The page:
The principle of organic union between the individual members of a nation, or of the race, is frequently recognized in Scripture. When Paul speaks of the Church as one living body, of which each believer is a member in particular, and compares their functions to those of the human body, does any one suspect that he thereby denies to each particular member individual responsibility? The real difficulty here we imagine to be in the assertion that the dead constitute with the living the one body of humanity. But this principle is recognized in Scripture. - Is not Adam, in whom "all died," still a member of the human family? Do not Abraham, Isaac, and Jacob still constitute a part of the nation of Israel, to be blessed with it in its final blessing? We have admitted that to carry out this view, and to make good all the Scriptures which teach this corporate union, it is necessary to suppose that the vanished existences of these dead retain some kind of connection with those of the living. We are not yet able to explain what this connection is, but the idea of it is not more startling than are the surprising wonders which are all the time being disclosed to us in the realms of nature and of life. The old idea in physics was that no two substances can occupy the same space at the same time. And yet now we are told that all space and all bodies are pervaded by a subtle ether which is as hard as steel, and yet infinitely tenuous, so that all substances move through it without resistance. If other senses were opened up in man, he would probably perceive other universes of being in with and under the universe of-which he takes cognizance. There is nothing therefore unreasonable in the view that a spiritual universe lies in with and under the material, and that imperfect spirits of the dead are held within this sphere of the living in order to recovery to embodied life in manhood. Nor is there anything unreasonable in the supposition that the living suffer under the burden of their sins and infirmities, and that victory on their part over these may inure to the benefit of the dead. Mr. Moffitt assumes that the living cannot work out their own deliverance, and therefore can do nothing for the dead. We do not, of course, imagine that any man can set himself free-from this ancestral burden, or from the consequences of his own vices, except as the power of God works in him to this end. Our sufficiency is wholly of Him.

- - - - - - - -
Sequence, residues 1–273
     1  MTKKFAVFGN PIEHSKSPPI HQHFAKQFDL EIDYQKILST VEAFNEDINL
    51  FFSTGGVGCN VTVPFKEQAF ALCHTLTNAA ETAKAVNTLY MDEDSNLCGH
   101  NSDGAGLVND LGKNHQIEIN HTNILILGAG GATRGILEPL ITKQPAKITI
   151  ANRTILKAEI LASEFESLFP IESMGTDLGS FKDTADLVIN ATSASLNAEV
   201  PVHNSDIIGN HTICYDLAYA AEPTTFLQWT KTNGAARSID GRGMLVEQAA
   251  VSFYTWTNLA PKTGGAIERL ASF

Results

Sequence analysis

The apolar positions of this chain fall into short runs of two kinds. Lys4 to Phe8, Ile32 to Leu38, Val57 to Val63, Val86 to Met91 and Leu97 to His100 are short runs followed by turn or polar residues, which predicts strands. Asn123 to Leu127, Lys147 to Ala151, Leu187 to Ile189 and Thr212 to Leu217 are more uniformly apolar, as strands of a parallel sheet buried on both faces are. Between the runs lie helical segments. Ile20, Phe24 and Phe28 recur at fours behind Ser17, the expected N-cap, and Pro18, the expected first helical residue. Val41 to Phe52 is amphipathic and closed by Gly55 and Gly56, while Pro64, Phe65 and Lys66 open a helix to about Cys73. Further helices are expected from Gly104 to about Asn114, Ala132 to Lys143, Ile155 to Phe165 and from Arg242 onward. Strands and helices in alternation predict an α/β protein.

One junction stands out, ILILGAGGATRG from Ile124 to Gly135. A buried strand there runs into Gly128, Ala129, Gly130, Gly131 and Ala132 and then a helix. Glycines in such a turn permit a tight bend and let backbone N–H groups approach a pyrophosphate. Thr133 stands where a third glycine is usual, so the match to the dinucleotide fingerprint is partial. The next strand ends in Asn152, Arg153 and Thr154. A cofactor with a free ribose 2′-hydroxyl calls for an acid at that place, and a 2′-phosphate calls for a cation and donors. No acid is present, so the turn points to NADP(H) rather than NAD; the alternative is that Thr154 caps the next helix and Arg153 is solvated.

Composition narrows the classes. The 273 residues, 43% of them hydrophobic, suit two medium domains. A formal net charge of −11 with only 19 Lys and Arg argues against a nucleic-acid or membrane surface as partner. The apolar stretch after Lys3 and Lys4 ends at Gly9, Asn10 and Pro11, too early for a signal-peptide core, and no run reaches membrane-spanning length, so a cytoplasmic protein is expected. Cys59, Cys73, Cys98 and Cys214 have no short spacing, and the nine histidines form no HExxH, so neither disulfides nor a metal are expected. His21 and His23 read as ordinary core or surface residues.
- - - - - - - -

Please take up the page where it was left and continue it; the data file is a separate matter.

The whole difficulty between Mr. Moffitt and us lies in the fact, that he throughout regards us as attributing to the existent man what we affirm only of the essential man. He may, perhaps, not admit with us that man is divine in the essence of his being, and believe that only regeneration makes him so. Our view is, that what makes him capable of regeneration is that he has in him the germ of a divine nature which cannot die, which is receptive of the life of God, and which must finally take on the form of a son of God.